Overlooked Implications of Study on Physician-Assisted Suicide

By S. Van McCrary, Health Law & Policy Institute

A recent study of the frequency of physician-assisted dying by Dr. Diane E. Meier, published in the April 23 issue of the New England Journal of Medicine, found that only 3.3 percent of physicians surveyed reported writing at least one prescription to be used to hasten a patient's death, and that 4.7 percent of physicians surveyed reported administering a lethal injection at least once. This low prevalence of physician-assisted dying was reported by the media as surprising, given the increasing public support for the practice.

In an op-ed comment in the New York Times, 4-24-98, Dr. Meier took the position that the results of her study should not be used to justify legalization of assisted suicide. She noted that an era in which the population continues to age, and health care financing continues to pressure doctors to do less for their patients, is a particularly dangerous time for legal acceptance of the practice of medically-assisted death.

One portion of the study's results that was largely overlooked by the media was the type of drugs prescribed in cases where the patient was to self-administer the lethal dosage. The medications prescribed in 75 percent of reported cases were opioids (narcotic-type analgesics), while barbiturates (sedatives) were prescribed in only 25 percent of the cases. The disturbing factor in this result is that the most important clinical use for opioids is relief of severe pain. For many bioethicists, the more typical drugs envisioned when debating issues of assisted suicide are barbiturates. Under such conditions, opioids would generally be used only for relief of moderate-to-severe pain. It is unfortunate that the survey apparently did not ask the responding physicians whether the patients for whom opioids were prescribed were indeed suffering severe pain. If many of these patients were not appropriate candidates for opioids, the fact that opioids were used to produce their deaths can only complicate the legitimate use of such drugs to prevent suffering. This is especially true given the high level of pre-existing anxiety among health care professionals regarding the prescribing of opioids resulting from continuing threats from the U.S. Drug Enforcement Agency (see Doctors' Fear Causes Oregon Law On Assisted Suicide To Go Unused, posted 3-23-98).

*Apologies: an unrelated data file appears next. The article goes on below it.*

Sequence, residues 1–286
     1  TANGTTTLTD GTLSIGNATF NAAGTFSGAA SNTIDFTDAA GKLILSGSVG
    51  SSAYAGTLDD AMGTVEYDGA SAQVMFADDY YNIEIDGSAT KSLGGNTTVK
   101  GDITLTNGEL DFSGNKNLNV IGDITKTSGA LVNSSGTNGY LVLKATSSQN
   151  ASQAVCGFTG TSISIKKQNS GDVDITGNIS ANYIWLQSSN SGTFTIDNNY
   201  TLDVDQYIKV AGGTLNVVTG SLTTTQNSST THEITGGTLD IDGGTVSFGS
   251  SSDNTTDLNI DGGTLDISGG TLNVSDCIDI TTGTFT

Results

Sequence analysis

Dr. Meier wrote in her op-ed comment that "Our society should not be reduced to offering patients a choice between inadequate care and suicide." Similarly, we should not allow a social debate on the merits of one controversial practice--medically-assisted death--to interfere with the provision of good pain relief for all. If physicians continue disproportionately to prescribe opioids, rather than barbiturates, for lethal dosages in patients without severe pain, the blurring of this (already unclear) line will be exacerbated. Many physicians are already very reluctant to prescribe opioids for any patient. It will be an extremely unfortunate result if persons whose suffering is only ameliorable by opioids are unable to obtain the drugs they need for legitimate medical purposes as a result of the controversy over physician-assisted suicide.